If you're interested here is a list of taigi techniques (http://ki-aikido.net/TAIGI/TaigiList.html).

In a taigi competition everyone works as a pair. Uke and nage comprise a team. The average taigi is from one attack and six different techniques are done, both on the left and right side. Both uke and nage work together to get as many points from the judges as they can. The performance of taigi shows largeness of forms and the rhythmic flow of movement as well as mind/body coordination.

Performance is determined in several ways. The nage is tested in a manner similar to ki testing after performing the taigi. The taigi is timed by a timekeeper. The timekeeper will start the clock when the pair bows in and stops it when the pair bows out. The time varies depending on what taigi you are doing. The pair will have plus or minus two seconds leeway. You actually have to do the taigi twice. Once to get through all the testing and timing, then again for judging on form and movement.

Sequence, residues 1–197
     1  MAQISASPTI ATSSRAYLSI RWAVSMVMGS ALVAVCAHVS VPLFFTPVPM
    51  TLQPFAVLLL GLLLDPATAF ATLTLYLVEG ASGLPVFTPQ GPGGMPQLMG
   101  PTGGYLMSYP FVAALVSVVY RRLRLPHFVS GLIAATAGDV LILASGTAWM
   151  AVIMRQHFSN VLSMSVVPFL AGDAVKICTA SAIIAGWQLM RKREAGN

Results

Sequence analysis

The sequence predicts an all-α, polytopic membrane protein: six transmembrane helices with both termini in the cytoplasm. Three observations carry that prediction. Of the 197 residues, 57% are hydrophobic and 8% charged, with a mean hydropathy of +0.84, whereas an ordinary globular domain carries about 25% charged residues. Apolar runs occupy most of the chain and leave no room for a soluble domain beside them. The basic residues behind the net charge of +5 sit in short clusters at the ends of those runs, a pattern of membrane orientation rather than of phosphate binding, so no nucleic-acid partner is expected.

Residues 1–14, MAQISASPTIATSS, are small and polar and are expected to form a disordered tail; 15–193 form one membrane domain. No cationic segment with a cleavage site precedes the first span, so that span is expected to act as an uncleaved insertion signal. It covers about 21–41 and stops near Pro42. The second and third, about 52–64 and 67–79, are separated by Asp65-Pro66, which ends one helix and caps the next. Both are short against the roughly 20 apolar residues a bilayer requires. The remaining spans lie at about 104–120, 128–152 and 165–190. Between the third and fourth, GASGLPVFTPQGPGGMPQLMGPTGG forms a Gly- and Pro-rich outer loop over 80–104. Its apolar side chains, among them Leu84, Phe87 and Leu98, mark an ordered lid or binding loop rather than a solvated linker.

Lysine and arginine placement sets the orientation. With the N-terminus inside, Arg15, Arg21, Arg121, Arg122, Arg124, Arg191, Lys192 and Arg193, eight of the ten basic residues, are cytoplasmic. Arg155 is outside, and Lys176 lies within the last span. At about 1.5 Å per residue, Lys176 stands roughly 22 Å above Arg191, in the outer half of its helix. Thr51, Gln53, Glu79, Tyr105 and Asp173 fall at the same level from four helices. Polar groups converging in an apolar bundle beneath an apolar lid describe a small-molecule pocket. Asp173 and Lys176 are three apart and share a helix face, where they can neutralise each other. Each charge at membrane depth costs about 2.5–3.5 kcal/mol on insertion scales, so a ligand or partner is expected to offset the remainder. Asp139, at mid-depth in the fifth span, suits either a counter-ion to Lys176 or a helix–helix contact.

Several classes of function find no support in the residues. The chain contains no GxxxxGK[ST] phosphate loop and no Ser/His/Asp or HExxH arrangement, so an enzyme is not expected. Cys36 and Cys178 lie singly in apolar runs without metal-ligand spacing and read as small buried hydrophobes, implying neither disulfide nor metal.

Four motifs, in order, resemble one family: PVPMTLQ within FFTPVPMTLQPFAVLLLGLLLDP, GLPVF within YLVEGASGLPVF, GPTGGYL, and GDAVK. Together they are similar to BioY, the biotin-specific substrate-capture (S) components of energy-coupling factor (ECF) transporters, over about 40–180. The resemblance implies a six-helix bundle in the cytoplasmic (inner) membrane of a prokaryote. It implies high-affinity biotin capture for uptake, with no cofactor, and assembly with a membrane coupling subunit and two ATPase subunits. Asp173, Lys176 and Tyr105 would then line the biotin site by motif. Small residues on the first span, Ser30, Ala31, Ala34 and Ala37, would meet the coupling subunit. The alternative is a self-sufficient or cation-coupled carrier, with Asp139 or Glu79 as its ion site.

Some people say that a taigi contest is competitive, others say it isn't. It is competitive in that you are judged on performance. It is not competitive in that you are not competing with your training partner for points. In a Tomiki contest nage and uke are scored separately. If a knife attack succeeds, the attacker/uke gets the points.

While the average taigi is six different techniques done on both sides (e.g. twelve throws) from one attack (like katate-tori), there are also taigi which use weapons. Weapon taking as well as throwing with a weapon are also different taigi. Also included in taigi are the Ki Society's weapons katas using bokken and jo.

Now I believe, everyone does one basic taigi, then they do whatever taigi they want to perform. They have various categories and by the end of the contest, there are many different prizes that are given out, not just to the best uke or nage or uke/nage team.